In a 37-year career Breege O’Donoghue played a decisive role in turning Primark/Penneys from an Irish brand into a global retail giant. This is her story.
At the Legend of Business interview at The Real Deal 2019 in Goffs recently, Penneys/Primary matriarch Breege O’Donoghue recounted key moments in her career and how she emerged to be one of the key drivers of Primark’s expansion over the years. O’Donoghue was one of the tightknit group of executives who worked with Primark’s visionary founder Arthur Ryan, who sadly passed away earlier this year, to make Primark one of the world’s foremost retail brands.
She officially retired from Primark in 2016 after 37 years of outstanding leadership. A graduate of UCD and a chartered director, O’Donoghue is still active in business is currently chair of the Business and Human Rights Implementation Group, chair of Real World Analytics, and chair of The Design and Crafts Council of Ireland, a non-executive director of Fáilte Ireland, a non-executive director of Shaw & Sons Ltd, a board member of the UCD Michael Smurfit Graduate Business School, and a member of the Outside Appointments Board (Civil Service Code of Standards and Behaviour).
“Have a plan and you can achieve that plan. You can do anything you want, provided your mind is made up”
For such an illustrious career, O’Donoghue’s origins were humble. “Growing up in rural Ireland in the village of Boston in north Clare – almost on the edge of the world – and in a loving family home, my earliest childhood memory when I was not yet four years old was the Arctic freeze, blizzards and snowdrifts that ripped Ireland in 1947 for three whole months.”
She described the family farm as both idyllic and hard work with a plethora of jobs to do before even going to school. “My Mercedes was Paddy, a beautiful horse with plaits and bells that brought us in a gleaming trap to mass and to the seaside on Sundays.” Money was tight and was always put aside for the rainy day.
“Christmas was magical. With all its preparations of making the plum puddings, plucking the geese and the turkeys, decorating the Christmas tree and waiting in anticipation of Santa.”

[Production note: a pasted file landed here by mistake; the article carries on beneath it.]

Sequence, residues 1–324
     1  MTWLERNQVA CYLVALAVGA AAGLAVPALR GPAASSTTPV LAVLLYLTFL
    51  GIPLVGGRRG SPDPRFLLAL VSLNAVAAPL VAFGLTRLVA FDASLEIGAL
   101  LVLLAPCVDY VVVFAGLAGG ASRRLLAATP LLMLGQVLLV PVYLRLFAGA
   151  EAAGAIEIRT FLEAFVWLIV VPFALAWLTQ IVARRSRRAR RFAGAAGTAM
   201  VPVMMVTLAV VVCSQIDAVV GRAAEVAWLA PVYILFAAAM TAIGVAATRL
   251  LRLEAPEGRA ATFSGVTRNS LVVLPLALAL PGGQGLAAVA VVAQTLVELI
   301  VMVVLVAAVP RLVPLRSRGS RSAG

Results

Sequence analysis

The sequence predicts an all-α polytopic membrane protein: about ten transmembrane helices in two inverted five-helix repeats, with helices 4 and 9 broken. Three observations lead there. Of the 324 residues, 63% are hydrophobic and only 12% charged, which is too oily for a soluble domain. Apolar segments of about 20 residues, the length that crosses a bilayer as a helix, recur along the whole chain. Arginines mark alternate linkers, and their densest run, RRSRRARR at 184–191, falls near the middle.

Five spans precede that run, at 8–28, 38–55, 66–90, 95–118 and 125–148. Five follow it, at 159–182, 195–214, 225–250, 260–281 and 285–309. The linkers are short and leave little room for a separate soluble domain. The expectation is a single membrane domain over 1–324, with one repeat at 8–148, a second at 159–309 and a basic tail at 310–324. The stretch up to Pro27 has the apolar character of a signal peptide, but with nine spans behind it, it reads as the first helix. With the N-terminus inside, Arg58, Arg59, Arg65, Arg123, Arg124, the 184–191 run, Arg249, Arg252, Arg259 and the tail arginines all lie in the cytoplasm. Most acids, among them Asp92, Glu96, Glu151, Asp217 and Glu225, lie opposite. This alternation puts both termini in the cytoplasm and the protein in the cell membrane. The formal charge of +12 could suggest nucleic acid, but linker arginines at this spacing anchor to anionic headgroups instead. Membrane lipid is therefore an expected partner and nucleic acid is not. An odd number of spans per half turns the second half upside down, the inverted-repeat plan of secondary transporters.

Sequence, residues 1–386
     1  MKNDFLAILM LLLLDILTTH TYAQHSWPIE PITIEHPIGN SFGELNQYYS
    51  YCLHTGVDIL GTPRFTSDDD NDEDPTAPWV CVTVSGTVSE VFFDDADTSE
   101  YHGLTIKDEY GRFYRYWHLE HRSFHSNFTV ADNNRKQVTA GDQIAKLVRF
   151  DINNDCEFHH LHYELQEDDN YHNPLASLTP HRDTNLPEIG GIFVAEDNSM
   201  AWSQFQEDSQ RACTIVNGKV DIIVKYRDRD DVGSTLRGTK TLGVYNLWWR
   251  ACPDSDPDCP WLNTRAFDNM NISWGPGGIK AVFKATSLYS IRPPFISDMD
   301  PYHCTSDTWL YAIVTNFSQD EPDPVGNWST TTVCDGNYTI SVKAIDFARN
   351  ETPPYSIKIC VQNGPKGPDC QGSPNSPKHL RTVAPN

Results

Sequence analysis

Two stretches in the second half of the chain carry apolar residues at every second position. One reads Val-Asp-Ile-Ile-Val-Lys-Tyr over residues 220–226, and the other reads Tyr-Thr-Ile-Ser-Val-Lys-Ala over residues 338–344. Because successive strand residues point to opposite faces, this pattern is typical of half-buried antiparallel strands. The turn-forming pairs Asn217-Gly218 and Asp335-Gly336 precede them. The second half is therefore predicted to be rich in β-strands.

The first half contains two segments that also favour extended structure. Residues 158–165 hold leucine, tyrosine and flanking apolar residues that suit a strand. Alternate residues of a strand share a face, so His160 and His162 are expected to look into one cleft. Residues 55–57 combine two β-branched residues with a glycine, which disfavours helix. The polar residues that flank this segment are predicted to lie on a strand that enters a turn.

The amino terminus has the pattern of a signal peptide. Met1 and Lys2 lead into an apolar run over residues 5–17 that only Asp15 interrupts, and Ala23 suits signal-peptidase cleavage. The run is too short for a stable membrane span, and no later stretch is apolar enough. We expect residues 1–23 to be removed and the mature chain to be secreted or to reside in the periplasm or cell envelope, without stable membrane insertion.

As O’Donoghue recalled, learning wasn’t only what happened at the school desk and she describes herself as a blend of formal and informal learning, having been too late for the hedge schools which thrived in the 19th century and too early for Donncha O’Malley’s free education reforms of 1967.
“1950s Ireland had a different educational landscape. Many pupils did not complete their primary education. Few went to secondary level and a tiny proportion reached third level. Taking 1950 as a snapshot, 14 was the established school leaving age and the the number of full-time students at universities was 7,900.”
O’Donoghue showed academic promise and her parents were determined that she get the best education possible and so at 13 she was sent to the Sisters of Mercy convent in Gort. She describes the education she received as academic rather than technical or scientific.
“It was WB Yeats who said education is not the filling of the pail but lighting the fire. Career guidance didn’t feature, the closest was the reverend mother trying to coax me into the Order to no avail. My colleagues and my family say ‘thank God, the church had a lucky escape.’ Career choice in those days wasn’t determined by ability but by means, I didn’t have the option to pursue a university degree at that stage, but I did have ambition. However, the foundation of education served me well as did a strong work ethic that was developed so well at home.”
The times they are a-changin’
Arriving into the world of work of the 1960s O’Donoghue was fortunate to get the opportunity to live and work in Switzerland and Germany which she said fostered her love of diversity, culture and language.
“40 years ago, on the final day of Pope John Paul’s visit to Ireland historic visit I joined Penneys/Primark and became a board member eight years later. There were 24 stores then, now there are 370 in 12 countries and more than 75,000 employees.
“Over the years Primark’s strategic vision, branding and the estate has evolved in dramatic fashion through professional product knowledge, inspirational leadership and it continues to offer customers rich experiences”
“Yes, I have many memories. The late 60s was about pop music, long hair, psychedelic dresses. Much of it passed me by as I was in the world of work. The tone was set by the international student promise, the Civil Rights marches where Martin Luther King supporters sang ‘We Shall Overcome’. But closer to home in Ireland we had closer troubles and brightening horizons.
“My educational ambition was realised when I graduated college in UCD in 1972 by being a night student. I was also fortunate in my 55-year career to attend many short programmes of study over the over the years, including Cornell University Business School, and of course language courses in Germany, Spain and France. During my continued working years, I was witness to many positive events to for women. For example, the implementation of equal pay, improvement to the status of women, equality recognised and efforts to end discrimination against sex, race or otherwise. I salute these changes.